“But Sovvan came back, and so did I.” His magic floated closer.

“But she left again.” And that abandonment cut his heart. Sarn rubbed his chest. Was Sovvan all right? Sarn had heard nothing from her since she’d vanished, and that was three days ago, by his reckoning.

“But it wasn’t her fault.” His magic floated closer until they were almost touching. “She’ll return when she can.”

“Will she?” Sarn wanted to believe that as he replayed his last meeting with his twin in his head, more to torture himself than to find answers. But maybe there was a clue he’d missed. He’d been concussed then. According to Thing, that concussion was still healing.


Three Days Ago

Sovvan appeared out of thin air the moment Sarn turned to blast a tentacle shooting toward him. He hadn’t seen how she’d arrived.

“J.C., where are you? I heard you talking, and that sounded suspiciously like a goodbye,” Sovvan shouted from behind him in that giant underground cavern.

Sarn wrapped his arms around her when she splashed past him and stopped her before she stepped off the edge of the cliff.

“Thanks for the quick save, bro.” But she’d gotten an eyeful of what was down there. “Yikes. That’s one ugly creature.” Sovvan shivered in his arms.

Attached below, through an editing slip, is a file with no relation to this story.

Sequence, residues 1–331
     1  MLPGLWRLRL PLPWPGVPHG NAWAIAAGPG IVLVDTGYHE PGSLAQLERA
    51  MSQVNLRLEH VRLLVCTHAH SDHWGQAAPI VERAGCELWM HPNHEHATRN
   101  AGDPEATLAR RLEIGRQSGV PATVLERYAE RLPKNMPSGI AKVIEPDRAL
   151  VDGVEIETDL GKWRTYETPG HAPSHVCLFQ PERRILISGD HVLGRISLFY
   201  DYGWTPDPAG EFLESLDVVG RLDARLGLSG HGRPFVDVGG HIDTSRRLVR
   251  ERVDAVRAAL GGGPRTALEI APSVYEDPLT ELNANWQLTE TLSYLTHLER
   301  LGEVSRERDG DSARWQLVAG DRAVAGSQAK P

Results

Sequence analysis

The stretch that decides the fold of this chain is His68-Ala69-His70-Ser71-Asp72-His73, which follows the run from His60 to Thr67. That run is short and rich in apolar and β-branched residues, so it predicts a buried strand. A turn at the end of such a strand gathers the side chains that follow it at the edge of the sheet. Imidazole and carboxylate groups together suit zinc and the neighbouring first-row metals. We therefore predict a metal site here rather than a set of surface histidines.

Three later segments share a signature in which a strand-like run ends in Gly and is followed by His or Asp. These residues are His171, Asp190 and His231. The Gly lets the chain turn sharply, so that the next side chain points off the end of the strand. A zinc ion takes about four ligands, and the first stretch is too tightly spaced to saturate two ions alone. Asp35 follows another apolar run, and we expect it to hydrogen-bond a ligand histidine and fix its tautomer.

And Sarn hadn’t let go. He’d dragged her out of the way of a flailing tentacle covered in white-glowing Andurai and asked about his son because he’d left the boy with his twin sister before the monster had grabbed him. Without his earth magic, Sarn hadn’t known where the child was and fear for the boy had eaten at him for the moment it had taken Sovvan to answer him.

She’d patted his arm and told him Bear had his son. Bear was in Nulthir’s flat too since he lived in Ran’s stuffed toy. But he’d been quiet these last three days. Sarn didn’t know why. Bear was strange, but he’d gone out of his way to protect them more than once, so Sarn would let him tell his tale in his own time. But that was now.